Can Guinea Pigs Eat Rabbit Food –
What You Should Know!
February 14, 2022
As a guinea pig owner, you know the drill. It’s feeding time, and your guinea pigs are not letting you forget it’s time for snacks by wheeking in their habitat.
You go over to the cupboard only to realize you have run out of guinea pig food, and you have four hungry eyes staring at you to let you know more food is needed in the food bowl.
Maybe the closest pet store only has some rabbit food, or you have some rabbit food you have been feeding to your bunny. In any case, you ask yourself can guinea pigs eat rabbit food, or could it harm your piggies?
Rabbits and guinea pigs seem to have diets that closely resemble each other, but as a responsible pet owner, you want to be sure. Good for you! It’s always better to be safe than sorry. We always recommend you check the suitability of each food item before feeding it to your pet.
But what about rabbit food? Is it safe to be fed to guinea pigs? In this article, we will tell you everything you need to know.
Can You Give Guinea Pigs Rabbit Food?
Differences In Diets Explained
Guinea pigs and rabbits are often grouped together with other small pet rodents like hamsters and gerbils and are considered “small pets” in general. However, veterinarian Dr. Edele Grey points out, that first of all, rabbits are not rodents but lagomorphs. Secondly, all these species are very different in many ways, including what comes to their nutrition.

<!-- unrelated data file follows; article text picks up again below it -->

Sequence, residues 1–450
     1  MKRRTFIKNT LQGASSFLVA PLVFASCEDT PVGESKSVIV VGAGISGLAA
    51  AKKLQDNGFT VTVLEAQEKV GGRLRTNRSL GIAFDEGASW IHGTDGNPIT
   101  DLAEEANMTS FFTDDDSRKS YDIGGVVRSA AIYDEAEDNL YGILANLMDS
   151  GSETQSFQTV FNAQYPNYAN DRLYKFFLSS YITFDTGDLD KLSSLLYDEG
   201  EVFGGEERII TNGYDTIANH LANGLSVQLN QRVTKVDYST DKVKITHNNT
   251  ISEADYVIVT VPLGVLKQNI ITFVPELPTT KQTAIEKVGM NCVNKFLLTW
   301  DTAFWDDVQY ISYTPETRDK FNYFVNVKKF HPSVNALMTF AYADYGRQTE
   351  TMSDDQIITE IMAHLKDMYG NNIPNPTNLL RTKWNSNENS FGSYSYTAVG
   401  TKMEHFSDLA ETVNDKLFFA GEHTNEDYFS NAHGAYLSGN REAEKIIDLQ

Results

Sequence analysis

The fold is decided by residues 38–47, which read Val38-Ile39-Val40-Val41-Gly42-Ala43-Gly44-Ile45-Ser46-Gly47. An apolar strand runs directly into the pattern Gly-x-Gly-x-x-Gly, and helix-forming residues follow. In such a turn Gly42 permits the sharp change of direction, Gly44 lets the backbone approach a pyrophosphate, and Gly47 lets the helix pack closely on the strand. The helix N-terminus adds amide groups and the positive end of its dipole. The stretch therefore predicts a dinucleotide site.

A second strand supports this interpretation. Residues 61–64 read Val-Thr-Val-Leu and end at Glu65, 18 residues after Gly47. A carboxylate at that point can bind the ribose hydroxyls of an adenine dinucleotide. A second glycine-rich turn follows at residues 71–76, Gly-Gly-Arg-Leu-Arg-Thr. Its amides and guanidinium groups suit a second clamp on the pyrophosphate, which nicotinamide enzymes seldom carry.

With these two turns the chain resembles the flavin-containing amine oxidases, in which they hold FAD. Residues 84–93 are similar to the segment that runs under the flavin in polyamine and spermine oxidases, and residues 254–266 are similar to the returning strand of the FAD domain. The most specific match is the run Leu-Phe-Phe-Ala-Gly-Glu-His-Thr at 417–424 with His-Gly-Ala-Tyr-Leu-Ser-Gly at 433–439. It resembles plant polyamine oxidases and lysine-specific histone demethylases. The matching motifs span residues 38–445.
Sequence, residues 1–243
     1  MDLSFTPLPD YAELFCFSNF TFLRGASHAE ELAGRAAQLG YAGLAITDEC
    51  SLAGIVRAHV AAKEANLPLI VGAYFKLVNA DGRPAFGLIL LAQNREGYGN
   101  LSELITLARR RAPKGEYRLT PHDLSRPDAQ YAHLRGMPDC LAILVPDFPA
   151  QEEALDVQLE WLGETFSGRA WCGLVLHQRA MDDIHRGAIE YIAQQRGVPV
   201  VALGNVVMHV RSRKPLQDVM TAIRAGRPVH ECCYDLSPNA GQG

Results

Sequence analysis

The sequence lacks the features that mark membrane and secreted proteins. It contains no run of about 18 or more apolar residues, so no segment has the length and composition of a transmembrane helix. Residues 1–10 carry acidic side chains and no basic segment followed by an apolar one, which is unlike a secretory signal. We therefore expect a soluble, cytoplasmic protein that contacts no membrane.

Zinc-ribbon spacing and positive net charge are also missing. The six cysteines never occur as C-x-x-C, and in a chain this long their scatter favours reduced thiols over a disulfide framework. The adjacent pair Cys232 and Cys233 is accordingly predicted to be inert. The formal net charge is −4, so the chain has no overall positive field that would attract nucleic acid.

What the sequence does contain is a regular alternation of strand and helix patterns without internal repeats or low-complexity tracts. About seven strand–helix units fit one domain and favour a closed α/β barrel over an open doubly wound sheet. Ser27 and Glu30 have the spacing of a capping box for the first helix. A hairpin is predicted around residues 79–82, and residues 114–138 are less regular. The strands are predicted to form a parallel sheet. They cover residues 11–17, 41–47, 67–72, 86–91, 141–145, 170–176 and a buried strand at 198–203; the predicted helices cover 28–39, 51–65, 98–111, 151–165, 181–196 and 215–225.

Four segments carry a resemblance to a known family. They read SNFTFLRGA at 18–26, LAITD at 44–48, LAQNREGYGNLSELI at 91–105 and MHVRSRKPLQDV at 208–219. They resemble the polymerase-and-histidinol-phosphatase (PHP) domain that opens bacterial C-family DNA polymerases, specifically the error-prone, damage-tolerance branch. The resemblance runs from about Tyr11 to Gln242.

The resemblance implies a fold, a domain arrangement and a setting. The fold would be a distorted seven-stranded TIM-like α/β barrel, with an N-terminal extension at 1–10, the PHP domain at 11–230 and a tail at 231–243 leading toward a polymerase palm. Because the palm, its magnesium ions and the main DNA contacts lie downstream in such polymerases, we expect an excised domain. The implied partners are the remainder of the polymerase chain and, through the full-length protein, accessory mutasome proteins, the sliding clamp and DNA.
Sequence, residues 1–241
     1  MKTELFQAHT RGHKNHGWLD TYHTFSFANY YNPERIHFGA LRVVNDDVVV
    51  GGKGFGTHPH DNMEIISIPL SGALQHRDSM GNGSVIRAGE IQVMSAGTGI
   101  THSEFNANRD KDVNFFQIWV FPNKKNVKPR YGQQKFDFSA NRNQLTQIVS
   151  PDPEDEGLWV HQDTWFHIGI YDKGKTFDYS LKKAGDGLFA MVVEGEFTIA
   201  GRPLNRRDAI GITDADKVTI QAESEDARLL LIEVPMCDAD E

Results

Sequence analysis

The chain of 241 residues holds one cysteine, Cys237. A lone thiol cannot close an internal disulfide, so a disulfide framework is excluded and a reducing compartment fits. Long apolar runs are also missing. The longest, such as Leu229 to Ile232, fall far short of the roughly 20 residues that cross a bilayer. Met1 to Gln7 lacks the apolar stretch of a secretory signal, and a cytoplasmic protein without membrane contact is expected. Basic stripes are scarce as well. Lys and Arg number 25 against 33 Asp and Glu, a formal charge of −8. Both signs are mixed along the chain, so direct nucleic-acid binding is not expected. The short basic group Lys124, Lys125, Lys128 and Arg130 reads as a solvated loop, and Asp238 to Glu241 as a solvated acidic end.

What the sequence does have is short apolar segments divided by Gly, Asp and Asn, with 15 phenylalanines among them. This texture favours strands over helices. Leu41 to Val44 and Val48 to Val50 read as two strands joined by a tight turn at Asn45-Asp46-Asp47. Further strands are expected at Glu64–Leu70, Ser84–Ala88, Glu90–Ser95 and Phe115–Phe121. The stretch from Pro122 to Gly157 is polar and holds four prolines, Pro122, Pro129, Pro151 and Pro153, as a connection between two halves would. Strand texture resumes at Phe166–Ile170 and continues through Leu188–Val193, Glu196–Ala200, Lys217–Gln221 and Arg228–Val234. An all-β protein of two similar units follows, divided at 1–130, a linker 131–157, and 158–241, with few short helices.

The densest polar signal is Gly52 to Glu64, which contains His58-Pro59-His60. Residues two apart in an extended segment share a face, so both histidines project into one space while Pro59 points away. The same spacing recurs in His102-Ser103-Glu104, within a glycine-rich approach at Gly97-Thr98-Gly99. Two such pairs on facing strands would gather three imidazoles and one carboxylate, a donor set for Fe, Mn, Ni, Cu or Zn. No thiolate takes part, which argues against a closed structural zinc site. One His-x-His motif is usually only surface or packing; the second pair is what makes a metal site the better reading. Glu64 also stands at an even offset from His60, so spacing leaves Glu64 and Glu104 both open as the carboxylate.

Because guinea pigs and rabbits are a bit bigger than some other small pets, they are sometimes considered to have pretty much the same needs. Often, they are even housed together, which is not advisable because they communicate differently and won’t be able to understand each other.
However, it is true that cavies and rabbits indeed share a similar diet.
Similarities of guinea pig and rabbit diets
Both species are herbivores, and they require unlimited hay or grass in their diet to thrive.
Hay is very important for both rabbits and guinea pigs. It provides the fiber needed to keep the digestion moving. Also, hay provides most of the nutrients that both cavies and bunnies need, and chewing on high-fiber hay keeps their open-rooted teeth trimmed.
In addition to hay, both rabbits and guinea pigs are fed food pellets, leafy greens, vegetables, and occasional fruits. They both also need unlimited fresh water.
Pellets are an important source of vitamins and minerals, as are leafy greens and vegetables. Fruits should be served in moderation because although they provide many vitamins, they also contain sugar, which is not healthy. Bunnies and guinea pigs are prone to obesity, so you should limit sugar in their diet.
In addition, not getting too much calcium is essential for both animals. This is because rabbits and guinea pigs are also both prone to bladder sludge and urinary stones.
Yet, although the diets seem very similar, there are also some differences that need to be taken under consideration when asking can guinea pigs have rabbit food.
Differences of guinea pig and rabbit diets
Here are the main differences between a guinea pig and rabbit diet that affect whether their diets and food are interchangeable: